Plan B – Radio Koeln also has an iPad app – maybe that has a simpler URL, however tools aren’t as readily available to ‘tamper’ with the connection.
I setup my router to capture traffic between the iPad and the internet. Within 30 seconds, I had some positive results:
Furthermore, I could not find anywhere in the XML requests where this URL is passed to the app – which to me indicates that the URL is hardcoded into the app. Disclaimer, I have never developed an app and don’t know what I am doing! However, I don’t see how this could be changed without requiring an update to the app – it should be relatively static.
If anyone is looking for Radio Koeln streams to add to your favourite music player:
For the other “NRW Lokalradios” you can change the city name and it seems to work:
Mis-addressed emails is a common occurrence, particularly with one of my first accounts. On any given day I receive two or three emails intended for someone else. Most commonly, I receive welcome emails from mailing lists. But once in a while I get something more interesting. This one, at first glance, seemed like all the other mailing lists and scams, including typos.
Dear amanda chemist,
Incase you haven’t received our previous emails, we wanted to reming you that we would like to publish your essay on our website. By having your essay published, you will have a personal page on CollegeInquirer.com with your name, your full essay, and a line at the top of the page that says “This essay was selected for publication by the Chief Editor of The College Inquirer.”
(Your page will look like this: www.collegeinquirer.com/YourNameHere).
We’ve already published several of our selected essays, and we can’t wait to publish yours! Here are a few links you can look at to see exactly what your essay will look like once published:
By accepting this invitation to have your essay published, you join an exclusive group of students whose written works have been published on the College Inquirer. You can use this to your advantage in college applications, scholarship applications, job resumes, etc. Any time you need to “get ahead” of your competition, you can simply include your link and show them that you have a published, writeen essay on a major editorial website. This will increase your chances of receiving scholarships or getting accepted to schools you may want to attend!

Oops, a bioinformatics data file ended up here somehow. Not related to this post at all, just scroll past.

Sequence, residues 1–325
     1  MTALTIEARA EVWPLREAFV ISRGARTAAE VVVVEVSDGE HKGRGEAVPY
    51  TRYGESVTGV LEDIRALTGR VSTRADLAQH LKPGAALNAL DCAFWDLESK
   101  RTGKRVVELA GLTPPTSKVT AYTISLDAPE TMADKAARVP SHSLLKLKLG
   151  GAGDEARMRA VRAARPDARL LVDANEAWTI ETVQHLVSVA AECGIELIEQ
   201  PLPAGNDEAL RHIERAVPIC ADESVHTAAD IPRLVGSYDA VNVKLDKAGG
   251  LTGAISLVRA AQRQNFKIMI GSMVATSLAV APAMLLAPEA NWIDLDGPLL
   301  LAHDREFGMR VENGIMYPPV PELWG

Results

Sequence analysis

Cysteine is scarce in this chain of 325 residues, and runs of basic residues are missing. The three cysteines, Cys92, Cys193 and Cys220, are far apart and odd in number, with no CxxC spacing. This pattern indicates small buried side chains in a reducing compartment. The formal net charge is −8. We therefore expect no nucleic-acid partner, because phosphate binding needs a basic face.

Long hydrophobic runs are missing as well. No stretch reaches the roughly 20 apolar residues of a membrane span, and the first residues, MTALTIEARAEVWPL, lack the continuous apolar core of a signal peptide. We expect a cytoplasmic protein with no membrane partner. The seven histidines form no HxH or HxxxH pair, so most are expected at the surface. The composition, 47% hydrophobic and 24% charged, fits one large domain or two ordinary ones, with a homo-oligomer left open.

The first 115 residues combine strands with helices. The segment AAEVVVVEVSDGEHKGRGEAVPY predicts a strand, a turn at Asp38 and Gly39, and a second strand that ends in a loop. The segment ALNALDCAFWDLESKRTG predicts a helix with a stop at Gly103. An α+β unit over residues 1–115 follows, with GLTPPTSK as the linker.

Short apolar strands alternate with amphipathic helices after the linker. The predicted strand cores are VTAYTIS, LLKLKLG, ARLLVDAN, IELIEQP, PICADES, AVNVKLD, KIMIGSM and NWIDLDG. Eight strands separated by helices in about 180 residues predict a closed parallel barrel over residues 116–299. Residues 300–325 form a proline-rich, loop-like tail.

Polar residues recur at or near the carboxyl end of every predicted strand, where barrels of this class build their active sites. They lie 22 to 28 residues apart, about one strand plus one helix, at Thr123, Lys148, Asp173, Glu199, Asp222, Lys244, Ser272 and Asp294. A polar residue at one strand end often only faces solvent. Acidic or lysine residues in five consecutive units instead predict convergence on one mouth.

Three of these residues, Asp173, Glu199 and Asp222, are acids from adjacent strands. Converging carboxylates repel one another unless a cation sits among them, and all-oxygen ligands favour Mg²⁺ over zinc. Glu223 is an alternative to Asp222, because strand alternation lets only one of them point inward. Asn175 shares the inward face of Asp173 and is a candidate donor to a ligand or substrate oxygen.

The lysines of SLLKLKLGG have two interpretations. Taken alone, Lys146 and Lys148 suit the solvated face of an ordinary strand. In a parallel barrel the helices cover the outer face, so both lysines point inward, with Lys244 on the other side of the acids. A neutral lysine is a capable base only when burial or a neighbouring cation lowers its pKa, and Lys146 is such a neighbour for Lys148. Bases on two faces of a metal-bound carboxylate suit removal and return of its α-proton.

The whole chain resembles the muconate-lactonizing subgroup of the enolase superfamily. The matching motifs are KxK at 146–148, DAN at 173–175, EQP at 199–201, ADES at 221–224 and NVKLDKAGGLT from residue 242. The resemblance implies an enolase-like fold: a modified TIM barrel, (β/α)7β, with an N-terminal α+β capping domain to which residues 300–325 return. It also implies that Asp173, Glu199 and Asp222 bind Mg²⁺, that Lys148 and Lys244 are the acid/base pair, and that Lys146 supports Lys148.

To have your essay published, there is a $15 administrative fee that is intended to cover the expenses of editing, publishing, and hosting your essay on our website. Whenever you are ready to publish your essay, just click the link below to start the process:
Thanks again, and if you have any questions, please feel free to email us at email@example.com
The College Inquirer Editorial Staff
I initially ignored this, as it is a well-known scam. However, later that day I received a second email from the same site:
To all applicants for the College Inquirer $750 Scholarship Contest whose essays have been selected for publication:
Good evening. We have received several complaints and confused emails throughout the day from students who feel that they may be getting “scammed”. We wanted to make an important clarification about our offer to publish your essay.
1) FAQ #1: “Did you select a winner, and am I the winner?”
The short answer is: NO. We did not state in any way, shape or form that we had selected a winner for our scholarship, nor did we lead anyone to believe that it meant you were a winner if we were offering to publish your scholarship. We made it very clear on our website and in all of our email communications that the scholarship deadline is August 14th, 2011. At that time, a winner will be selected. No one has won the scholarship or has been told they won the scholarship yet. So for all of you who are complaining or posting in online-blogs that you were told you were a scholarship winner, you are lying, and we respectfully ask you to stop attempting to deceive others and slander our organization.
See liink2) FAQ #2: “I thought I was special because they wanted to publish my essay but everyone is getting this email!”
The short answer is: You are special. And no, we did NOT send everyone this email offering to publish their essay. You and several hundred other students have been selected to have your essay published, but it is 100% your choice and you are not required to do so. We have received over 6,000 applications for this scholarship. Only a select number of you wrote essays that were good enough to be published. You were one of them.
3) FAQ #3: “They are making me pay $15 and ripping me off so this is a scam!!”